Issac J. Bailey | Random acts of Christmas
12/13/2012 7:03 PM
12/13/2012 10:36 PM
Alyssa Leibman of Myrtle Beach wants to spend the holiday season spreading Christmas cheer in a unique way.
You and I should join her.
Others in the area, and around the globe, already have.
Leibman launched a “Random Acts of Christmas” Facebook page to encourage people to find simple ways to, well, commit random acts of kindness, at least one per day between now and Christmas. (Her page can be found here: facebook.com/events/288472267922593).
It’s her personal spin on an old holiday tradition but has little to do with turtle doves.
“My grandparents were Holocaust survivors and instead of being bitter they raised my father and his siblings to put the needs of others before yourself and to recognize our moral obligation to advocate for others, even if it isn’t the popular choice,” she said. “My parents raised me to see the good in people, to respond to everyone in kindness and to believe that everyone has a natural capacity for generosity.”
She’s already heard from fellow graduates of Myrtle Beach High School and the College of Charleston, as well as friends and family. They are challenging each other to complete the 12 random acts.
“It started out after I was talking with friends about gifts for each other this year,” Leibman said. “With the economy and our tuition rates, we realized that we really couldn’t budget for gifts. I thought this might be a way to show our appreciation for each other and help other along the way. My old college roommate, skipping down King Street in Charleston, was putting dimes in all the parking meters. Another friend dropped off cookies to her local police department. One sent about 20 soldiers a long and grateful Christmas card.”
Leibman offered to edit and review the final term papers for foreign students. On Thursday, she planned to drop off desserts to local fire and police stations. Next week she plans to visit an English as second language class at Myrtle Beach high and help with a service project.
“When you study political science on the graduate level, they’ll try to convince you that everyone lives their life in a state of competition,” Leibman said. “They’ll often quote Hobbes and agree that by nature, man’s life ‘is nasty, brutish, and short.’ I was never of that school of thought and I’m pretty sure I never will be.”
Samantha Shaw, a transplant and married mother of 2 boys from Pennsylvania, has taken up the same mantle, turning the “it is better to give than receive” biblical edict into reality.
“I know a family that is struggling to provide gifts for their children after losing a lot of their monthly income. I went home one night and went looking online to try and find ways to help them,” Shaw said. “I called all the organizations that provide toys only to find out they have deadlines. While looking for things I came across Random Acts of Christmas Kindness and loved the idea.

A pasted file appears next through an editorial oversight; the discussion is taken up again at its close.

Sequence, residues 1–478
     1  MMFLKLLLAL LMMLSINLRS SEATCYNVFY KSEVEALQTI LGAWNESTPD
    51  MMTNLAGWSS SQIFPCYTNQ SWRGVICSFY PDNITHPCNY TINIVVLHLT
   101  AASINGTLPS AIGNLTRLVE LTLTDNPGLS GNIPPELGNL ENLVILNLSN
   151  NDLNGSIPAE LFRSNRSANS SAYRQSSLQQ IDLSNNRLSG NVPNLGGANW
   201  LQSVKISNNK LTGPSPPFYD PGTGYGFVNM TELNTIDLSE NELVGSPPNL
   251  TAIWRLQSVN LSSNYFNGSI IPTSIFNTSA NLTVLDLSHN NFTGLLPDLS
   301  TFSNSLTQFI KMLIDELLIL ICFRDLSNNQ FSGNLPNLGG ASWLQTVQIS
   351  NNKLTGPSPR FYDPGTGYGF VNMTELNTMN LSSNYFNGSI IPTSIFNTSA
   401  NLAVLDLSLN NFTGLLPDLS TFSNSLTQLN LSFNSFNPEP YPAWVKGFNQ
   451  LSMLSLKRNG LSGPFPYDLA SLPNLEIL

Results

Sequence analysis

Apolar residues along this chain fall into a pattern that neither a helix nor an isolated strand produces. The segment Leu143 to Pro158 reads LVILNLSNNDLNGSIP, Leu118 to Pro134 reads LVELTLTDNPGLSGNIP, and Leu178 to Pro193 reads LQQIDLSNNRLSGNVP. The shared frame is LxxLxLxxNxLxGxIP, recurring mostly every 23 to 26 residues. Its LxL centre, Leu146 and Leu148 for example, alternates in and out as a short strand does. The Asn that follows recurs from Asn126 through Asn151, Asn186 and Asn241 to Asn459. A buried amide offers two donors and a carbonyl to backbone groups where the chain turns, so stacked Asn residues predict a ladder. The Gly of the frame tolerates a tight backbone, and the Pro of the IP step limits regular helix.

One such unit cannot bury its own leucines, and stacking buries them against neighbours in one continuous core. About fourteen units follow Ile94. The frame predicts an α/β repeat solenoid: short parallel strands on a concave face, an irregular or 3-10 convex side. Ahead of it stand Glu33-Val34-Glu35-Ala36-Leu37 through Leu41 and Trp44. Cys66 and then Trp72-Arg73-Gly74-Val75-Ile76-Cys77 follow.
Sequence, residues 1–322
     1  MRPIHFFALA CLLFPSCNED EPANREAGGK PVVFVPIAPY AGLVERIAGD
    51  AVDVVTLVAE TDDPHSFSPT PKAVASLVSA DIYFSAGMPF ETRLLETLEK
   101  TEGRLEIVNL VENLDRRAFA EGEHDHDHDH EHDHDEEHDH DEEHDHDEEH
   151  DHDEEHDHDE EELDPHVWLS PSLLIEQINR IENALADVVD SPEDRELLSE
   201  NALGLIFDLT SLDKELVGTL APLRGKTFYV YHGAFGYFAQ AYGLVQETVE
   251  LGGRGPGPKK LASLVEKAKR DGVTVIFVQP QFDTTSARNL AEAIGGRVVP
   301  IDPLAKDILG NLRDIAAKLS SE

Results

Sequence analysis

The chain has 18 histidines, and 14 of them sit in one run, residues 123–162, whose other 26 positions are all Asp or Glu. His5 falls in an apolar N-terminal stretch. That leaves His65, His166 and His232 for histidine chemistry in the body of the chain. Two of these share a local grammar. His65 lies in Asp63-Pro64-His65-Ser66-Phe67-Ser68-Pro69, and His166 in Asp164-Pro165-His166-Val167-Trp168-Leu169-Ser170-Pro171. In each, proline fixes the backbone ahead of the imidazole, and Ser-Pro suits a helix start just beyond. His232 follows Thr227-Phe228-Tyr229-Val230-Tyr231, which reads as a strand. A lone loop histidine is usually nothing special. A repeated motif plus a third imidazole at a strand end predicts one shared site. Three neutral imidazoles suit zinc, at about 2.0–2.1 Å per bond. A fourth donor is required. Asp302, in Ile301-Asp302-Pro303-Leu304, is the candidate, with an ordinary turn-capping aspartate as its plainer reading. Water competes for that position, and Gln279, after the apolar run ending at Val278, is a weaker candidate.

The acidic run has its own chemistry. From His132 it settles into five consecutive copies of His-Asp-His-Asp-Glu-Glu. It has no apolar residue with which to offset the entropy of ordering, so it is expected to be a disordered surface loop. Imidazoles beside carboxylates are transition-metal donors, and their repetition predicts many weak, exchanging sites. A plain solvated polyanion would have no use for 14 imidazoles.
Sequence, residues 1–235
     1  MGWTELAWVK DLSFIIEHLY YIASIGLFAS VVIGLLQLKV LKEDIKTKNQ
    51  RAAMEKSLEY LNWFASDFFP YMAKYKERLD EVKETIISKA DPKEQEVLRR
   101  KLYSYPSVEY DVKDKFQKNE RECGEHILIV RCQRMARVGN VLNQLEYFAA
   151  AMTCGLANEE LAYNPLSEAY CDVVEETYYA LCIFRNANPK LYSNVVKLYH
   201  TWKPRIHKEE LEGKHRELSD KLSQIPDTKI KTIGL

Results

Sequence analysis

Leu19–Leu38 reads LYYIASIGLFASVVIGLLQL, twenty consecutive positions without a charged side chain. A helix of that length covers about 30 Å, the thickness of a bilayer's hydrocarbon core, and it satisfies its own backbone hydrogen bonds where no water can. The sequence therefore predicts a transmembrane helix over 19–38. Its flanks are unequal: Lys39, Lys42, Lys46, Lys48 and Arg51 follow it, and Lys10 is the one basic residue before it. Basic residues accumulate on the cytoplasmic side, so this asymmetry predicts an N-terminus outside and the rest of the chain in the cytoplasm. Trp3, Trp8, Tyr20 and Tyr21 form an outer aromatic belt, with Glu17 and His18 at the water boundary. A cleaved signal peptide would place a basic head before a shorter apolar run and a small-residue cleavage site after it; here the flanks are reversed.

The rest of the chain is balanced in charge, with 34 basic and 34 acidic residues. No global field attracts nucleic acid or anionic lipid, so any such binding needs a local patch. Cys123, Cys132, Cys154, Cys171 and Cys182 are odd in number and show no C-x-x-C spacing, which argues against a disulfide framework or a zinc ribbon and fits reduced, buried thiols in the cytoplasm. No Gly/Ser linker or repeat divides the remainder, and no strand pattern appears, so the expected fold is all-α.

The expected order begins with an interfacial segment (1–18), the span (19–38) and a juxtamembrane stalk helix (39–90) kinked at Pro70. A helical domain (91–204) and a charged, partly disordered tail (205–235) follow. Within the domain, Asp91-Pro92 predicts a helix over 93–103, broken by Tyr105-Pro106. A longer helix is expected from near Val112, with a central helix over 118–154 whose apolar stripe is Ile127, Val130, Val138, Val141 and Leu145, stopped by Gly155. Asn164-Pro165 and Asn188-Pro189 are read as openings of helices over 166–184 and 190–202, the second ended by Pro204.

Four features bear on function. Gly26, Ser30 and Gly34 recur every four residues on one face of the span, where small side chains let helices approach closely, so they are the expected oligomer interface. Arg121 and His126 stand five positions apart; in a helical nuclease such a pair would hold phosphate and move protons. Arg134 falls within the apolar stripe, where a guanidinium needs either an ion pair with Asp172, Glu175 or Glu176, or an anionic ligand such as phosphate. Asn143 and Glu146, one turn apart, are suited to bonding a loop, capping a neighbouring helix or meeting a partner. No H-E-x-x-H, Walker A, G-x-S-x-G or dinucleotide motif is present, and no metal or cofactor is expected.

“The project for me and my son is going great,” she said. “We enjoy making, buying and giving things each day to random people or people we know. We all need to bless a random person or someone who is a blessing to us as often as we can, not just at Christmas time.”
On Wednesday night, they baked cookies and gave “them out to the people in our lives that we don’t say thanks to enough.”
She wants the idea to spread around the Myrtle Beach area like a virus. It already has around the world. On another Facebook page, a man from Australia said he helped pay for a woman’s petrol while they were in line together.
Shaw’s Facebook page – facebook.com/MyrtleBeachRACKd – includes these suggestions:• Buy a gift certificate from a restaurant, put it in an envelope and leave it in a shopping cart, church pew, sales counter or anywhere it is likely to be opened and noticed
• Pay for the food of the person in car in the drive-through behind you
• Triple the size of your tip and tell the waitress “Merry Christmas”
• Buy a present for your neighbor’s dog
• Take a pizza or batch of cookies to the nearest police department, firehouse, radio station, nursing home or hospital, or anywhere people work on Christmas day
Make up your own list.
Rub your wife’s feet before she asks. Apologize to that cousin you’ve been avoiding. Accept the apology of a friend in a strained-relationship.
Be kind when someone else is mean.
Let a co-worker go home an hour early by finishing up her work for the day.
Hug that stranger who seems as though he hasn’t had one in a decade.
The best thing about the idea is that the task can be completed without spending a dime, or just a few.
I haven’t heard of a better way to illustrate the reason for the season: selflessly helping others.
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